Missing 9-year-old's aunt pleads with husband accused of taking her: 'He needs to bring Carlie home'
Since her husband allegedly abducted her 9-year-old niece, Linda Simpson has been trying to wake up from the nightmare that has become her life.
"I'm not doing very well. I'm just worried and sad and angry and it's all bottled up," Simpson told InsideEdition.com Wednesday, a week since her niece, Carlie Trent, had been taken.
Investigators say Gary Simpson, 57, lied to officials at the little girl's Rogersville, Tennessee, elementary school that her father had been badly injured in a car accident last Wednesday.
The uncle by marriage told school authorities that Carlie probably wouldn't be in class the next day either. The pair hasn't been seen or heard from since.
"He seemed just as normal as always that morning," Simpson said. "I had seen nothing unusual."
Her husband, who has no criminal record, even waved and smiled at his brother-in-law and Carlie's father, James Trent, as the pair went about their day.
"We've lived here next door to each other about 20 something years," Simpson said, telling InsideEdition.com that she and her husband had always helped her brother with Carlie and her 7-year-old sister.
"Their whole life, Carlie and Catie, they've been right there," she said. "He was just their uncle. He played with them. Every now and then he'd get on the trampoline with them and try to jump. He just did goofy stuff."
Coming to the realization that she may not truly know the man she has been married to for more than three decades has been a surreal experience for Simpson.
"What keeps going through my mind is 'why, why would you do what you're doing?'" she said, speaking directly to her husband of 34 years.
"He helped me take care of our handicapped son all these years. He was good to Carlie and Catie and seemed to love them," she continued. "They loved him with all their heart."
Questions are all Simpson said she has left. She spends her days tending to her disabled adult son and walking back and forth in her home, hoping that she comes up with an idea that will bring her niece home.
"I just pace the floors and try to think of anything I can to help," she said. "That's all I can keep in my head: 'Where would they be, where would they go?'"
Gary Simpson stopped at a local Walmart before he abducted Carlie, investigators said, releasing images of girls' clothes and makeup items they said he bought.
News of the items her husband allegedly purchased—girls' underwear, a child's bathing suit and a colorful nightgown among the loot— left Simpson stunned.
"I just thought, 'Oh my God. Oh my God.' That's all I could think. I mean it looked like he was intending to stay gone forever," Simpson told WVLT.
Investigators believe the pair may be out of public view and in an isolated area. But Simpson said that her husband hasn't gone camping or on any trip since he was a young man.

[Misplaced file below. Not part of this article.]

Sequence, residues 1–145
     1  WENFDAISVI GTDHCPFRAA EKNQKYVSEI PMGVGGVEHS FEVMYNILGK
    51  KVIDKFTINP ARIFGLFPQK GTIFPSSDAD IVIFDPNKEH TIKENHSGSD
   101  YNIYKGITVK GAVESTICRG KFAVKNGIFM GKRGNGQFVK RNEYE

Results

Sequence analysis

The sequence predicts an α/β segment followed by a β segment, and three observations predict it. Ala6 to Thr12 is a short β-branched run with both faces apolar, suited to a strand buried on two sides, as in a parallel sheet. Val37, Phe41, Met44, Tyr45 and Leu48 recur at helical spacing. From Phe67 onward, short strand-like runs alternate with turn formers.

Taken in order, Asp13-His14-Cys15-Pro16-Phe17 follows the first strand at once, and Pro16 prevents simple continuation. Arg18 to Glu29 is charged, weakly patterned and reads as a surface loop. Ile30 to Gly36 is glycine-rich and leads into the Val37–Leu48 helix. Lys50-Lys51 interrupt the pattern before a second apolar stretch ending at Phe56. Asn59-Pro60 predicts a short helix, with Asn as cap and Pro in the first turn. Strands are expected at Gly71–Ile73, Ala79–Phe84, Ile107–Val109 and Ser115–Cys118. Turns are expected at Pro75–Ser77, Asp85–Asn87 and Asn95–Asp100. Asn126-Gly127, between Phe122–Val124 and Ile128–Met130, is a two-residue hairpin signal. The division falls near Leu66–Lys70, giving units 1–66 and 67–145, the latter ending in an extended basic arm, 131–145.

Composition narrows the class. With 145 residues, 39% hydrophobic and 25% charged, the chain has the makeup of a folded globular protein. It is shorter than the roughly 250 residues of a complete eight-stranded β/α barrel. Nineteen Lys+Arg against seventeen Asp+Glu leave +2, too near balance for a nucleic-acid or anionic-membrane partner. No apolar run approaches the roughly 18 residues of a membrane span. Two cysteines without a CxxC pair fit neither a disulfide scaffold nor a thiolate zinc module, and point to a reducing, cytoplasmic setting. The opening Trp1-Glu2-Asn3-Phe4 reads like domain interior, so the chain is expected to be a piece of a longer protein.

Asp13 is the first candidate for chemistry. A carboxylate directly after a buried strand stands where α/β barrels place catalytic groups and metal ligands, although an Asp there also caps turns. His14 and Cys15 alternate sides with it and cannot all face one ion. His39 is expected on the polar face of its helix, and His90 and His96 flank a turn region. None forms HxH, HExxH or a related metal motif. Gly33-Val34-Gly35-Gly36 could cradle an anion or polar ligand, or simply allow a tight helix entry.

"It was years and years ago," she told InsideEdition.com. "Because of my son, we pretty much stay home. This just doesn't make sense."
The Tennessee Bureau of Investigation announced it shifted its resources to create a command post in Rogersville and said the U.S. Marshals Service dispatched a similar command post to Hawkins County for more boots on the ground. Investigators searching for the little girl have received more than 1,200 tips from 19 states, but so far there have been no credible sightings.
Investigators released on Tuesday new surveillance footage from a Save-A-Lot store of Carlie and her uncle buying toilet paper, soda and food after he had signed her out of school. The new footage came as Carlie's father also shared a video of his daughter, pictured during a happier time.
In the clip, the playful little girl laughs as she takes a video on her dad's cellphone.
"Hey, it's me, Carlie," she giggles into screen as she chews a piece of gum.
"This is my dad's phone. I know you've never saw me before, but this is my dad's phone...He never lets me use his phone!" she says as she laughs again.
A reward for information leading to the safe recovery of Carlie and the arrest of her uncle had reached $15,000 by Wednesday. Investigators said anyone interested in contributing to the reward can call 423-923-9100.
"He needs to bring Carlie home," Simpson told InsideEdition.com. "If he's thinking any common sense, he should realize he's in trouble because he didn't tell anybody he was taking her.
"He has to know we're not just sitting here waiting for her to walk in the door," she continued, saying the entire family desperately wants the bubbly little girl back. "My little niece, she misses her sister, she misses her bad. She won't ride a school bus, because her sister's not on there with her. Her dad is partially still in shock, trying to think of anywhere he can go to find her."
The distraught aunt said she's doing the same, hoping that her smart niece can find a way back to the family.
"If I could talk to her right now, I'd tell Carlie I love her and miss her and she needs to come home," she said. "Come home if you can. She don't need to be with her uncle, she needs to be at home."